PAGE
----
What might take place on a random summer Saturday night in a European capital city? It might be full of armed police rushing to a pub, barking at patrons to lie down immediately, because there’s a possibility of a bomb that might go off. There will be texting to colleagues who work in an area, to ask if they are okay. Friends will call each other advising them to avoid certain “no-go” areas. There will be a constant refreshing of one’s Twitter feed or the feeling of being glued to a news channel if you’re at home. It is BBC writing there’s a “Van incident at a bridge”, a euphemism, of course. But everyone will know what it means, what just happened, and who might be responsible. No one talks about it in civilised circles anymore, and certainly not on the BBC. It is watching a high trust society behave like a war zone. It is police tweeting and asking public to “run, hide and tell”. It is police making hundreds of late night revellers walk in a straight …

The EU’s Cosmopolitanism Gap

Senior figures in the European Union are growing impatient with its Eastern members over their refusal to accept refugees. Emmanuel Macron, the new president of France, has threatened sanctions if Poland and Hungary remain stubborn. Why is this? I hope to avoid unduly extending generalisations. The countries of Central and Eastern Europe are all different. All contain multitudes. In Poland, where I am fortunate enough to live, I have met progressives, liberals, libertarians, conservatives, traditionalists and, perversely, given recent history, adherents of communism and national socialists; as well, of course, as many people who hate politics. Nonetheless, it is a matter of undeniable fact that nations of the CEE tend to be less receptive to mass immigration—and, especially, Islamic immigration—than their Western cousins, on the level of elites and on the level of the masses. A simple explanation is that they are more homogenous. Western Europe has been rich enough, and liberal enough, to attract migrants for decades. The British are about 5% Muslim. Germans are about 5% Muslim. The French are probably more. People …

“The EU is Essentially a German Empire”: Peter Hitchens on Geopolitics and the Future of Europe

“When the bugles call, the conservative’s instinct is to rally to the tattered…” Tattered what? Was it colours or banners? I was trying to remember the end of this line as I walked towards Café Phillies on Kensington High Street. To my surprise, the venue was unusually full, the average age of the patrons around seventy. I checked my Twitter feed. Macron had won in France and the EU bourgeoisie were predictably ecstatic. I ordered a coffee, took a table next to the door, and waited for Mr. Peter Hitchens. For those too young to remember the birth of this century, the aforementioned quote is from an essay entitled “O Brother, Where Art Thou?” published in The Spectator during the buildup to the invasion of Afghanistan in 2001. I was eighteen, an idealist, fairly radical (as people usually are at that age) and an admirer of Peter’s elder brother Christopher. In the wake of the 9/11 outrage, there was a widespread feeling that we were on the cusp of a civilisational conflict that would define a generation. It was also the first …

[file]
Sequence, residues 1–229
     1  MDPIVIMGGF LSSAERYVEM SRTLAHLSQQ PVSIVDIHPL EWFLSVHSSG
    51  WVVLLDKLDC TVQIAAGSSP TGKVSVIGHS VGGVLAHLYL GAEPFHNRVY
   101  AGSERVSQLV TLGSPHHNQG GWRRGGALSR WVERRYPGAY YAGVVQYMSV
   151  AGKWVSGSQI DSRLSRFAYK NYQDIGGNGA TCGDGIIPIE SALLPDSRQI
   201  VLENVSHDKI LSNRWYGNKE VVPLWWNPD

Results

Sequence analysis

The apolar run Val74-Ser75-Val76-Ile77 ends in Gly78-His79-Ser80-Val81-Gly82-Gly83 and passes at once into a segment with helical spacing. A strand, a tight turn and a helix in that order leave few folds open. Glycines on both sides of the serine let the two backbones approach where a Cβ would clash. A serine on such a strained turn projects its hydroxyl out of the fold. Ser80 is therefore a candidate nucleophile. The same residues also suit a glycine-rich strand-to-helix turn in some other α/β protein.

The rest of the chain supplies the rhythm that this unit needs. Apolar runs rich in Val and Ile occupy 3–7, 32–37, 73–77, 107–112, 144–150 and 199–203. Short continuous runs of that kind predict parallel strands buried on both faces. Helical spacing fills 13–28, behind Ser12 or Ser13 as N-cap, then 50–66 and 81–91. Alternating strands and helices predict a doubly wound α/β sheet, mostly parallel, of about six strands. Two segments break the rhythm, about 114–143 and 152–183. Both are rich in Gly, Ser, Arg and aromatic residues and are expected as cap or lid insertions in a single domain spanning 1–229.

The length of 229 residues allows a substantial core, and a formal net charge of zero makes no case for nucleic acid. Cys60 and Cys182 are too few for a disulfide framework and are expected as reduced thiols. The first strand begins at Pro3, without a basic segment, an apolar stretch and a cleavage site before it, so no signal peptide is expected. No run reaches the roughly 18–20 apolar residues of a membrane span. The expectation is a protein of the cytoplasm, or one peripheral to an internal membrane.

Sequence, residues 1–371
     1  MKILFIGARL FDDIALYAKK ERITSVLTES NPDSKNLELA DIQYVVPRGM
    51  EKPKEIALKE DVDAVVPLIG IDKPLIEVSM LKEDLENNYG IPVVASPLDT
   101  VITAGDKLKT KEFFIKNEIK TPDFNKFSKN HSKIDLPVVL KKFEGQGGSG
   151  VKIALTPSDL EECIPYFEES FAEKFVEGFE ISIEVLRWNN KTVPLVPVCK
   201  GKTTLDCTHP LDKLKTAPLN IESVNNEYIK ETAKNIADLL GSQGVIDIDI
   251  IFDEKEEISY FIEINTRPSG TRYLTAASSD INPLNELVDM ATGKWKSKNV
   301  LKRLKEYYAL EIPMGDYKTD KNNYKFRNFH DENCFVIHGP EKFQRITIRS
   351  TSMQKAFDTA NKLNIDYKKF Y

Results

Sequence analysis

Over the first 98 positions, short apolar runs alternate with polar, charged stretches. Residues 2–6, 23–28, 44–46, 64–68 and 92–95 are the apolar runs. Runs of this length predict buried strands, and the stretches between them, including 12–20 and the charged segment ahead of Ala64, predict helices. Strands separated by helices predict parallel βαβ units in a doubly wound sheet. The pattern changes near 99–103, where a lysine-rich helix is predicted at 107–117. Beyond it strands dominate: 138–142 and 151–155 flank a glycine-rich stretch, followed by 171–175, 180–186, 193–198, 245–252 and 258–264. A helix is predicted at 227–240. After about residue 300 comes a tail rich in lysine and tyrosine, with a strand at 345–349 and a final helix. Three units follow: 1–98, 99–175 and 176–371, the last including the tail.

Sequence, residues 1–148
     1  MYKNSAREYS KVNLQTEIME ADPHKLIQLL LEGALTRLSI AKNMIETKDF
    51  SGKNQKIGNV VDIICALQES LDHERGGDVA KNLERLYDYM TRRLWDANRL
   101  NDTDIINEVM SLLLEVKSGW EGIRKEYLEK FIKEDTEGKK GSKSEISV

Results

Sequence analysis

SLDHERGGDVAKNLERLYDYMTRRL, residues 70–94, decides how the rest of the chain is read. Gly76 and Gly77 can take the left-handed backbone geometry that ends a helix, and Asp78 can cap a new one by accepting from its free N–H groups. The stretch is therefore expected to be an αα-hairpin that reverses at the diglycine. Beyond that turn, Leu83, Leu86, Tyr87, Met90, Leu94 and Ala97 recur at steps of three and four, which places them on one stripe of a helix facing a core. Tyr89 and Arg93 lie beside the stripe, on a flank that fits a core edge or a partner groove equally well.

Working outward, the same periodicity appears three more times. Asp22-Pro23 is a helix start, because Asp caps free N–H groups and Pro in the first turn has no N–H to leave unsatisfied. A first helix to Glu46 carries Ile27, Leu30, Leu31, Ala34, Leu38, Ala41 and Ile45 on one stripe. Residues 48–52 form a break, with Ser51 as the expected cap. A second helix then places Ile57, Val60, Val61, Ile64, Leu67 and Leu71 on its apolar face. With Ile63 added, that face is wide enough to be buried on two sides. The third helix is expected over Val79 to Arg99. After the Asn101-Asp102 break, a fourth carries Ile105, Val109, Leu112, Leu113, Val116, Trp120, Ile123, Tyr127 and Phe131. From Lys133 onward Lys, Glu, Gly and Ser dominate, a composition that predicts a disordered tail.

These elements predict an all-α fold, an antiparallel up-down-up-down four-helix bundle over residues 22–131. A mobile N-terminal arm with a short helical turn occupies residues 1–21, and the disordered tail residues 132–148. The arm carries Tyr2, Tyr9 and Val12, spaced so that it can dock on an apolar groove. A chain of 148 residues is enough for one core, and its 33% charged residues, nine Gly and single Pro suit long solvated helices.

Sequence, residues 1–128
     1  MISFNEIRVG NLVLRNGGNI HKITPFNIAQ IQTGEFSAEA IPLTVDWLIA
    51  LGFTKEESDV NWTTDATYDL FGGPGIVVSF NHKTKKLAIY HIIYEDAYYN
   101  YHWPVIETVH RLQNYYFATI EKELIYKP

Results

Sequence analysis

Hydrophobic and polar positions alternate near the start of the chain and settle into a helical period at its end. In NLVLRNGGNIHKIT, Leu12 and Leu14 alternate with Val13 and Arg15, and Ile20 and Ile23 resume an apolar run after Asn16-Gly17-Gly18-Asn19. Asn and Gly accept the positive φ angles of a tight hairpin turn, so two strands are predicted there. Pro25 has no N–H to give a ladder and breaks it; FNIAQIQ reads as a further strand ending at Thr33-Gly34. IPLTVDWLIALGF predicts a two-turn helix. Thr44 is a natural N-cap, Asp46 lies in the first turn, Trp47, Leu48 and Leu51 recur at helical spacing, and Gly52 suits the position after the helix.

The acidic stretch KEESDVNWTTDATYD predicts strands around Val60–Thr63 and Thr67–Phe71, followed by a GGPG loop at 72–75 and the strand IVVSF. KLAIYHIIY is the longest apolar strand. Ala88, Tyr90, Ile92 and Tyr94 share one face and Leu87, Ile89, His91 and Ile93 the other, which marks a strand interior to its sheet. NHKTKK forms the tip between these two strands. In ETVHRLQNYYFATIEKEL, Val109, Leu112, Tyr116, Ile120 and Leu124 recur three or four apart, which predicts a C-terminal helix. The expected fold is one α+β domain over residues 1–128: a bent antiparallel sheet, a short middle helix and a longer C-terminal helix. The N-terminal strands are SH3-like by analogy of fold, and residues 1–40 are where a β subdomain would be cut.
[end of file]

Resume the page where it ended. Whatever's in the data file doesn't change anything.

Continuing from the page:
Who Will Make Our Coffee in Pret?

When a BBC Question Time audience member asked “Who will make our coffee in Pret?” she sincerely believed herself to be making an argument in favour of open borders and globalism. Her question is valid. Who would make the coffee in Pret? In London last summer I ate at a couple of Pret A Mangers (for those unfamiliar, Pret is a popular British coffee and sandwich chain), and after seeing the Question Time clip I recalled noting at the time a dearth of London accents in the stores. Not only at Prets; an absence of white Londoners was the norm in all the coffee shops and fast food restaurants I patronised. Not content with having caused a swell of murmured disapprovals in the audience the woman doubled down: “You’re not going to get English people to take those jobs.” On this point she is correct. But why? Why are there, relatively speaking, hardly any white Londoners serving coffee in Pret or flipping burgers at McDonald’s? With mass migration to the west everything works in a …